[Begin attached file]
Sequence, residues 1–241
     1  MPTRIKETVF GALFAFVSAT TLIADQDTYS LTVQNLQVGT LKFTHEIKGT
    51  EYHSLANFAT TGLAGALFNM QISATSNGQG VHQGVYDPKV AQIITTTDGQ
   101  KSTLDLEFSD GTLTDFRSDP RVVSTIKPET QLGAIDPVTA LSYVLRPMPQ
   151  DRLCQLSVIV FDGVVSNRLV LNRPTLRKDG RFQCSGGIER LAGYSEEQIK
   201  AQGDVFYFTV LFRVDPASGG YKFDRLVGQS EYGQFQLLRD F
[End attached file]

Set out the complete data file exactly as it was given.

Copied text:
Sequence, residues 1–241
     1  MPTRIKETVF GALFAFVSAT TLIADQDTYS LTVQNLQVGT LKFTHEIKGT
    51  EYHSLANFAT TGLAGALFNM QISATSNGQG VHQGVYDPKV AQIITTTDGQ
   101  KSTLDLEFSD GTLTDFRSDP RVVSTIKPET QLGAIDPVTA LSYVLRPMPQ
   151  DRLCQLSVIV FDGVVSNRLV LNRPTLRKDG RFQCSGGIER LAGYSEEQIK
   201  AQGDVFYFTV LFRVDPASGG YKFDRLVGQS EYGQFQLLRD F